Background: We examined socioeconomic and ethnic differences in use of lipid-lowering drugs after deregulation of simvastatin in the UK for adults with moderate or high risk of coronary heart disease. Methods: 3631 participants in the Whitehall II cohort study (mean age 62.7. years, 91% white) were informed of their risk of coronary heart disease, based on Framingham score, before deregulation (2002-2004). The use of prescribed lipid-lowering drugs and use of over-the-counter simvastatin were analysed as outcome variables, after deregulation (2005-2007). Results: 2451 participants were at high risk and 1180 at moderate risk. 20% moderate-risk and 44% high-risk participants reported using prescribed lipid-lowering drugs although no over-the-counter simvastatin was used. Prescribing rates did not differ between employment grades (an index of socioeconomic position), but was higher among South Asian high-risk compared with White high-risk participants (odds ratio 1.64, 95% CI 1.21-2.23). Of the high-risk participants, 44% recalled their increased coronary heart disease risk. South Asian high-risk participants were less likely to recall than White high-risk participants (odds ratio 0.65, 95% CI 0.46-0.93). Furthermore, high risk participants with middle (odds ratio 0.74, 95% CI 0.61-0.89) and low (odds ratio 0.52, 95% CI 0.37-0.74) employment grades were less likely to recall than those with high grades. Conclusion: Socioeconomic and ethnic differences in reported use of lipid-lowering drugs were small, but the use of these drugs in general was much lower than recommended and the participants did not utilise over-the-counter statins. Ethnic minorities and lower socioeconomic position groups were less likely to be aware of their increased coronary risk. © 2010 Elsevier Ireland Ltd.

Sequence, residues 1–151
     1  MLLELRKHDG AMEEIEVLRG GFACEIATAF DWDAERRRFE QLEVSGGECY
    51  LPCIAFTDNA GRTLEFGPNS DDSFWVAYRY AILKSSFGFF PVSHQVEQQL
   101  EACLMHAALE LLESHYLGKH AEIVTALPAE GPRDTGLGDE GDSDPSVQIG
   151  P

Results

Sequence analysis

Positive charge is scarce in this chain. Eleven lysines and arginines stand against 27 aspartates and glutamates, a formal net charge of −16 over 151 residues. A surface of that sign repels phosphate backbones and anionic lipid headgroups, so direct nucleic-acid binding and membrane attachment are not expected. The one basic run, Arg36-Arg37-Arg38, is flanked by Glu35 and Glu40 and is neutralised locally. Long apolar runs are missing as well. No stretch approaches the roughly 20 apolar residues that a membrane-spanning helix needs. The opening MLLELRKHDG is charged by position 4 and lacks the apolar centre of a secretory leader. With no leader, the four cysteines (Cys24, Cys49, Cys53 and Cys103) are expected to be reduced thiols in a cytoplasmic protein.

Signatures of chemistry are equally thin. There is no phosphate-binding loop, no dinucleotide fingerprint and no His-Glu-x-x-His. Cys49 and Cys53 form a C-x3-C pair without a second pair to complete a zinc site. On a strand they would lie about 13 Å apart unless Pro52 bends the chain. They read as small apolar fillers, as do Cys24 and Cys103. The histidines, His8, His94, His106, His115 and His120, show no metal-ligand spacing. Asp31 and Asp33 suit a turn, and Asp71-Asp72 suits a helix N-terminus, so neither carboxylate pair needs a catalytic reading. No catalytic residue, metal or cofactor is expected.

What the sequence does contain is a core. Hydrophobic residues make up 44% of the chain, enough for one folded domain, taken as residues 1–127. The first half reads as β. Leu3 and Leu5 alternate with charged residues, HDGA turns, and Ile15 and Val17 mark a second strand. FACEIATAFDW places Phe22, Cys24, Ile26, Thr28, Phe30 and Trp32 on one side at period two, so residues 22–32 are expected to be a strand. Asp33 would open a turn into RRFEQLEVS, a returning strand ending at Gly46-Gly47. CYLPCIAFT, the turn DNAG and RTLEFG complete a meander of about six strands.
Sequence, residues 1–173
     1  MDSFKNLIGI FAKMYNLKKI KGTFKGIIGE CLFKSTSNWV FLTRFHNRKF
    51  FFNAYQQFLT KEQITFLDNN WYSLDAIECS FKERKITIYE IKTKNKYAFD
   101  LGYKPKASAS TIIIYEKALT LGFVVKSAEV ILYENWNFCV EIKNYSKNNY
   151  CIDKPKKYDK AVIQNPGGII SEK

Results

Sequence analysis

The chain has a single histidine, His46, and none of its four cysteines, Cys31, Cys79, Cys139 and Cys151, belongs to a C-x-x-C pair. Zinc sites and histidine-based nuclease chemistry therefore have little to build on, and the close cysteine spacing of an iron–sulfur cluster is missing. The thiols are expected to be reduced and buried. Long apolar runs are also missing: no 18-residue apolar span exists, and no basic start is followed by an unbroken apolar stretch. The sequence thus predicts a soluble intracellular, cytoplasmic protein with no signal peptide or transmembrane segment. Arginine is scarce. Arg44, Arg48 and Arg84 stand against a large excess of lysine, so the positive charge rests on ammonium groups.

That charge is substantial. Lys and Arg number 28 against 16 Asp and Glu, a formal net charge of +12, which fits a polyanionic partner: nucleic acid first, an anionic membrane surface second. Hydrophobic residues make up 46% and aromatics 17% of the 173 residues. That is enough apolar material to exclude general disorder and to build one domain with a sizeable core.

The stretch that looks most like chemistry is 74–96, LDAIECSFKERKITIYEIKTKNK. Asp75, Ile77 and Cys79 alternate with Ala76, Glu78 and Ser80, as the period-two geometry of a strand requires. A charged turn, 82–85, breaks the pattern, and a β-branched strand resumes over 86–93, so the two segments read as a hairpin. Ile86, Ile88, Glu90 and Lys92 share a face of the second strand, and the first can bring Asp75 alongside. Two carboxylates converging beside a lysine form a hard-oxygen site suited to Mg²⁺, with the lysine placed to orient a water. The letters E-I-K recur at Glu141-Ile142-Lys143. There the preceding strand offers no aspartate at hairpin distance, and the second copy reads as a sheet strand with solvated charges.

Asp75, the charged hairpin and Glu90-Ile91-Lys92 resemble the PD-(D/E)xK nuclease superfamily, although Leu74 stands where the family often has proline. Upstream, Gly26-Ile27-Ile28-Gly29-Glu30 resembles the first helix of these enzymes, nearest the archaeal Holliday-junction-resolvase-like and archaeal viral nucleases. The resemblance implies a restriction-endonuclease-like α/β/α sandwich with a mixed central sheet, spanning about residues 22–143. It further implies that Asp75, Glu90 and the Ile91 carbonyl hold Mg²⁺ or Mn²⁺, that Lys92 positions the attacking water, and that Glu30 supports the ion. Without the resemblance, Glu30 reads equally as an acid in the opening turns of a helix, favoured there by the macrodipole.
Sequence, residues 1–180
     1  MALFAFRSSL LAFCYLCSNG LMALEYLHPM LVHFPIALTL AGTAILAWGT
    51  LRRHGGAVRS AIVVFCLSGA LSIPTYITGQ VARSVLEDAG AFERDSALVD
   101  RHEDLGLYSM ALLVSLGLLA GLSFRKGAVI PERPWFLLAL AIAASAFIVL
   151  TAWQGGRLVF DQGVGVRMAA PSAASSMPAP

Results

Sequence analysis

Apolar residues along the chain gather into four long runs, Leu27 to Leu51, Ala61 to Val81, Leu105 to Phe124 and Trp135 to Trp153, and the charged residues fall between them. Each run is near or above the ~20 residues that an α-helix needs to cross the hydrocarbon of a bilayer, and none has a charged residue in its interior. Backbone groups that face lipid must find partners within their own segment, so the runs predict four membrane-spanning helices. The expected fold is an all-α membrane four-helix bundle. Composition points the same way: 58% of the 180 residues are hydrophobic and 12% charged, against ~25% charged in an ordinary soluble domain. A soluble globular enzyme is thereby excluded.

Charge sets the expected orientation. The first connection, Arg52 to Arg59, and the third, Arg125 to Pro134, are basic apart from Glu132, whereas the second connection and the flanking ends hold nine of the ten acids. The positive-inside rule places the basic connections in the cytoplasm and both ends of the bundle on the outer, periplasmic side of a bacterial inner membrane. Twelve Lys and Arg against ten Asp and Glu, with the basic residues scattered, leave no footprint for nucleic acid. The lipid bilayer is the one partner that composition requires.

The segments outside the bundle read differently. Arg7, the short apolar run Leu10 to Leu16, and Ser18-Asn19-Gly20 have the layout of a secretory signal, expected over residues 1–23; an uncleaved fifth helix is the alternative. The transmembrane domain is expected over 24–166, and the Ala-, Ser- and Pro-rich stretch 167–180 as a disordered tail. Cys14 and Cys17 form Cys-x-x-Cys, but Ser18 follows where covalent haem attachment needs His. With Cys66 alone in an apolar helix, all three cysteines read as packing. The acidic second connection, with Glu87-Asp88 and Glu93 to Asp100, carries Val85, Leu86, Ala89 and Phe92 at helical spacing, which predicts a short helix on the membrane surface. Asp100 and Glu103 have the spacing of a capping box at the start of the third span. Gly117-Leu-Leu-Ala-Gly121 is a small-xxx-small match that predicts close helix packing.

|Number of pages||5|
|Publication status||Published - Mar 2011|
- Cardiovascular risk
- Socioeconomic position